About the Company


To create, through a collaborative process, new and original Canadian plays that combine a physical theatre tradition with social and personal issues relevant to our time and place.


-Create and present performances that investigate and inspire citizenship
-Contribute original scripts to the canon of Canadian plays
-Advance the skills and security of professional theatre practitioners through the creation and production of original theatre
-Advance the role of the performing arts as an active ingredient in public life


We are an artist-run, independent company in downtown Toronto. We produce large-scale outdoor winter theatre and collaboratively created comedies that explore political institutions, public vocations, and civic life.

Co-founders, Leah Cherniak and Martha Ross,created ground-breaking plays through a collaborative model that placed actors at the centre of the work.

Our creations uncover life on our common ground, places that we are connected to but do not visit, places that bind us together and have no roof. Places where we fail, fall, and get up again.

Our work sits at the intersection of women, comedy, public space, and physical theatre. We champion anti-heroes, characters who are met in unexpected, forgotten spaces such as the public sector, the local riding office, or outdoors in the absurdity of winter.

The public has a complex relationship with women. We give them stage time to sort it out.

Our physical comedy grows out of the long lineage of commedia dell’arte and street performance, where scenes are founded on an encounter between an actor and a problem and sorted out in public.

Our annual activities include an outdoor winter production, the premier of a new work for the mainstage, the commissioning and development of up to three new works, all using collaborative models inspired by our foremothers.


Common Boots Theatre began  when two young actors returned from France armed with a unique way of making theatre. Martha Ross and Leah Cherniak trained together under renowned physical theatre master Jacques Lecoq, whose techniques break the barriers between performer and audience by placing the actor at the centre of the work and placing the audience in the performance. The works scripted the chaos of managing modern life and featured characters that were both original and familiar. Over time the style evolved, a porous fourth wall was erected, and a writer joined the actors to shape the work into a script.

The Poor Alex Theatre in the heart of Toronto’s Annex neighbourhood served as home base. Together with Crow’s Theatre and Theatre Smith-Gilmour, the company managed the Poor Alex and established it as a vibrant centre for premiering new work. It was during this time that Jennifer Brewin joined as its first General Manager.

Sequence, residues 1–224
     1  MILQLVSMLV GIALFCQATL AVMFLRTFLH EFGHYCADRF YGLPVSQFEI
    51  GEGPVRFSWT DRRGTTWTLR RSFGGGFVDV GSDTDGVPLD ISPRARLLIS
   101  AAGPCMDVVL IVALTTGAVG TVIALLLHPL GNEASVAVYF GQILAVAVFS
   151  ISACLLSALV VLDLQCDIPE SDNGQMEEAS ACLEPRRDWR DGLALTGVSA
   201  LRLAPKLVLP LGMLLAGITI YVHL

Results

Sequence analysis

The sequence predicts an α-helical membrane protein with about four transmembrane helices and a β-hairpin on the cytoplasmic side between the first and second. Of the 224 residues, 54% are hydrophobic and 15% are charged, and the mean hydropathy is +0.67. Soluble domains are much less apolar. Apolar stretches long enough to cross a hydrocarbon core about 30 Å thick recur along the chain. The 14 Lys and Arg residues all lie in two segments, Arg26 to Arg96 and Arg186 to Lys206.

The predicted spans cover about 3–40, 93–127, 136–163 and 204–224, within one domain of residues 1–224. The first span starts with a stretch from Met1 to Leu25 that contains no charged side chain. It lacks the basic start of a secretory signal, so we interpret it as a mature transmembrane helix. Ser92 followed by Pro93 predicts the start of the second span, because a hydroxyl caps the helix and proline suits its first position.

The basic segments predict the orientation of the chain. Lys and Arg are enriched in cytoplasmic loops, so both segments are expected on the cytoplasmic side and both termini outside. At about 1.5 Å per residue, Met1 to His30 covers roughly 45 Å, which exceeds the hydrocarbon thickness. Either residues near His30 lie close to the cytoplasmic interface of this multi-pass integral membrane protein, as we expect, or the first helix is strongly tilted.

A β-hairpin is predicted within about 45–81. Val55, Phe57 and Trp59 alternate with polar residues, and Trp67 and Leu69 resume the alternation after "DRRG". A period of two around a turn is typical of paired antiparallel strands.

While resident at The Poor Alex, the company developed its particular brand of collective creation. Since then the company has contributed more than 30 original works to the Canadian canon. The Anger In Ernest And Ernestine has had 18 major productions around the world and has been translated into Spanish and French. The Attic, The Pearls And 3 Fine Girls has been produced across Canada and internationally, and continues to connect the company to countless schools, theatre programs and amateur companies.

Jennifer Brewin became the artistic director in 2009. Jennifer specializes in the creation and production of new work, with an emphasis on large-scale, outdoor performance. She has created new plays for British Columbia’s Caravan Farm Theatre, the National Arts Centre, Toronto’s Evergreen Brick Works, and at the Canadian National Memorial in Vimy, France.  She was co-artistic director of the Caravan Farm Theatre and associate artist at the National Arts Centre English Theatre.

Jennifer was tasked with reinterpreting the company’s founding practices for a new generation of artists and audiences. Site-specific performances were added in 2011, with the establishment of annual outdoor winter production at Toronto’s historic Evergreen Brick Works.

The name “Theatre Columbus” had been chosen to convey a spirit of exploration and discovery. However, it carries a history of genocide and colonization. In 2015, the company changed its name to Common Boots Theatre, to celebrate and encourage inclusion and collaboration.

In 2013 Common Boots created a new play called The Public Servant.This work was collectively created physical comedy, the same clown-without-the-nose that had been carefully crafted by Leah and Martha. Jennifer brought a more overtly political lens to that work; where Theatre Columbus had lived in the personal, Common Boots lives in the public, while still focusing on the unlikely hero. The spirit of our founding mothers lives on in our process, form and comedy.

In 2013 Common Boots created a new play called The Public Servant and most recently The Election.  Both works were devised through collaboration engaging with knowledge gathering and improvisation.

Most recently the company has moved towards audio digital performances. Exploring the link between the body and space as foundations for a new dramaturgy where physical performances privlidge listening over watching. In 2019 the company inaugurated the new venture with SCADDING at the Toronto Fringe Festival.

Common Boots has been honoured with 10 Dora Mavor Moore Awards and 53 nominations; and the Chalmers Best Canadian Play Award, for The Betrayal, as well as nominations for Dr. Dapertutto and The Attic, The Pearls And 3 Fine Girls.